JW: Yes, yes, yes. I met quite a few young women over there, one of whom later married the governor of New Jersey, Hughes, Richard Hughes, and then, I met my wife-to-be over there, but we didn't get married until after the war.
SS: How did you first meet your wife?
JW: A blind date. … We went to some[place], used to be called the Clay Pits, around here somewhere, went over there for a picnic of some sort and I was sitting in the front seat of the car with her and she asked me who I was and what year I was in college and I said, "I'm in my freshman [year]." She said, "Oh, you look like a senior," and so, I admired her very much for that. [laughter]
SI: Can you tell us a little bit about your journalism classes? I am always interested in that. I have heard a lot about Professor Jennings.
JW: Yes, Jennings. Who was the other fellow? … Well, whatever it was, I liked it very much and I scored a huge score one day, because my wife was then working, … we were married when I was still going to college, and she was working at BBC in New York and there was a program that she had something to do with … and she got me an interview with one of the … participants in this quiz program and that created quite a stir, when I brought back that interview. I'll think of his name tonight and I'll call you. [laughter]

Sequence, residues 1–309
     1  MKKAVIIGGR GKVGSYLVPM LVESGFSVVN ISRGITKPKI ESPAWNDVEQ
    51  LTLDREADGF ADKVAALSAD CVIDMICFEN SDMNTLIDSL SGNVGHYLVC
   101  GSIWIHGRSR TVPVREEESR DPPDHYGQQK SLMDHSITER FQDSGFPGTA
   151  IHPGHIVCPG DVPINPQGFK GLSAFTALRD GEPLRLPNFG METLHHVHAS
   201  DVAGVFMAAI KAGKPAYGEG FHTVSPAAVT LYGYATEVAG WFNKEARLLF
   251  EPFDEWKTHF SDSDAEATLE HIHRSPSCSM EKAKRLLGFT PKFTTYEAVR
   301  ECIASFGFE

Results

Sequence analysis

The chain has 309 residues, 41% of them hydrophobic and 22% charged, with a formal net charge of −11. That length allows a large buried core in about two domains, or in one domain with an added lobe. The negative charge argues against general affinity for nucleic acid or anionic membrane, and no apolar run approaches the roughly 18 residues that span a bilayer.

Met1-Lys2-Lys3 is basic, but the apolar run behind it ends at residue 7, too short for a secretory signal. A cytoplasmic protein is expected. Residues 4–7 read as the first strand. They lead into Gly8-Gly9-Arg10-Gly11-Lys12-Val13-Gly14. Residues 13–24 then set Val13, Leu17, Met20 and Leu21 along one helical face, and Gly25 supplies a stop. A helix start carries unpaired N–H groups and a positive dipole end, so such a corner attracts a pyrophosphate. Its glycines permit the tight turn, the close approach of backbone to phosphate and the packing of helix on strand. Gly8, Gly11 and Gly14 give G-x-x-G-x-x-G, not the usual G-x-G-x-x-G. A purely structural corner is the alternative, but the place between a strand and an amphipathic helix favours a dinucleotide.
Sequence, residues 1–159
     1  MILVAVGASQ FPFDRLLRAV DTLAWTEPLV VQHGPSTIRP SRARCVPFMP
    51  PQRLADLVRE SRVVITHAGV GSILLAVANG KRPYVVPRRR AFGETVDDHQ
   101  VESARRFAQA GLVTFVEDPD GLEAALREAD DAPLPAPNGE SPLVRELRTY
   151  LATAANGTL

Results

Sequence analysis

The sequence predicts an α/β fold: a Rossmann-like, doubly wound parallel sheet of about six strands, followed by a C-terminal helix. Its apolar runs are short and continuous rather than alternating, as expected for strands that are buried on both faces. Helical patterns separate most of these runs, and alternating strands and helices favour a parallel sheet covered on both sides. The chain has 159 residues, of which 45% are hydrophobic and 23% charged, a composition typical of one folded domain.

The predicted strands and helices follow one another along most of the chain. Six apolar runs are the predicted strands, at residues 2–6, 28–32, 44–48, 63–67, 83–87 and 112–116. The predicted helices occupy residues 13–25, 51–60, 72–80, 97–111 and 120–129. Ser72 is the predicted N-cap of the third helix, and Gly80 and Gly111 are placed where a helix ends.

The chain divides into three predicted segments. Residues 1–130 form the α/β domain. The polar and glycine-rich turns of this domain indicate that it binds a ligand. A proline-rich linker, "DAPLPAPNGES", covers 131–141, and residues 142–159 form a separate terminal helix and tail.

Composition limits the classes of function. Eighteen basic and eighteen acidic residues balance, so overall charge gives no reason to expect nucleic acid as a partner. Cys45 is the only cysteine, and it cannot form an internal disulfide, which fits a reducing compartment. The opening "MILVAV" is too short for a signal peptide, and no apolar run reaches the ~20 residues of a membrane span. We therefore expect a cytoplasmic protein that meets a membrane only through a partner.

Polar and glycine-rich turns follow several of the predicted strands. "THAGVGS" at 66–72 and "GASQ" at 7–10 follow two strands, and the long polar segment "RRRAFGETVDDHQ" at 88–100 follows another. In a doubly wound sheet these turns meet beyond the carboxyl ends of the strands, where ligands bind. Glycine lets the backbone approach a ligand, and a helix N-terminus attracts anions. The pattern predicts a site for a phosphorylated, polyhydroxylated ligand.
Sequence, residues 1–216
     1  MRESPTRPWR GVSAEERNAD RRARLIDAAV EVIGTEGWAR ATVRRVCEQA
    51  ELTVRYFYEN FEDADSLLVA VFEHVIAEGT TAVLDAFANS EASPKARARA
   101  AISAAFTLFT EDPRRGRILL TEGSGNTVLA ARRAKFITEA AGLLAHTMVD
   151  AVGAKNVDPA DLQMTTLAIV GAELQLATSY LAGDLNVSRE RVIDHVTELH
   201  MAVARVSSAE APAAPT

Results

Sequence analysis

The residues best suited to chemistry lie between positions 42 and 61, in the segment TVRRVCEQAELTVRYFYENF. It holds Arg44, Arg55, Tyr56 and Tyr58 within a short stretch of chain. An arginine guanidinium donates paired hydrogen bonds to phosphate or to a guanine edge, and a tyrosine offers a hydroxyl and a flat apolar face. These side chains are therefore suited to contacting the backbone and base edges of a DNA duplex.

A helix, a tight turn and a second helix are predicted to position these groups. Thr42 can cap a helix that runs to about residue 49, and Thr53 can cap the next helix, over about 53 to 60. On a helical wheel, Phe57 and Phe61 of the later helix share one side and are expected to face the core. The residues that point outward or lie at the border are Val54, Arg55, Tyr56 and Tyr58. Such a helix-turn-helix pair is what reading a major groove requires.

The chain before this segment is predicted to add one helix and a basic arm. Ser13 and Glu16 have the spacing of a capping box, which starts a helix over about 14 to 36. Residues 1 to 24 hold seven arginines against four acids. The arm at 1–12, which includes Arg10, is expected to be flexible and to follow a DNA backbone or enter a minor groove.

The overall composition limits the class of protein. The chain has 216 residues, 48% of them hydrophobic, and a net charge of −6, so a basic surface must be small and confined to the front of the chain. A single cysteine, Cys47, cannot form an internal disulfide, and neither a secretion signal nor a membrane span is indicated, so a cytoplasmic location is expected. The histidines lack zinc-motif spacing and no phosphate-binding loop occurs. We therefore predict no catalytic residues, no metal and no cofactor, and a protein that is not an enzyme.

SS: Was your future wife active in any campus organizations?
JW: Yes, she was. She sang in the choir and she was in the Honor Society and she was an actress. She always wanted to be an actress and she was; … after we were married, she did a lot of acting and she appeared in quite a few productions, over there and over here, yes.
SS: Do you remember your first impression of her family?
JW: I thought they were a nice New Jersey couple. [laughter] He worked at Public Service.
SI: Were you involved in any other social activities? Were you in the choir or anything like that?
JW: No, I was not; I did not join things in those days, before the war or after the war. No, I did not. I was not a joiner.
SS: Did you think that the campus was generally conscious of the war before the attack on Pearl Harbor?
JW: Very much so, very much so, yes. I remember talking to several senior men at that time and they were furious that … this country seemed to be tending in the direction of a war in Europe, yes.
SI: Was there a general pro-isolationist feeling or was it just a few people?
JW: Just a few. I don't think they were isolationists, no. … Most of the men I knew were quite eager to go into the service. I don't know why, but they were. Well, a lot of people were like that in those days. They were very patriotic, … especially against Hitler. Of course, the Japanese attacked us, as we all know. That changed a lot of minds.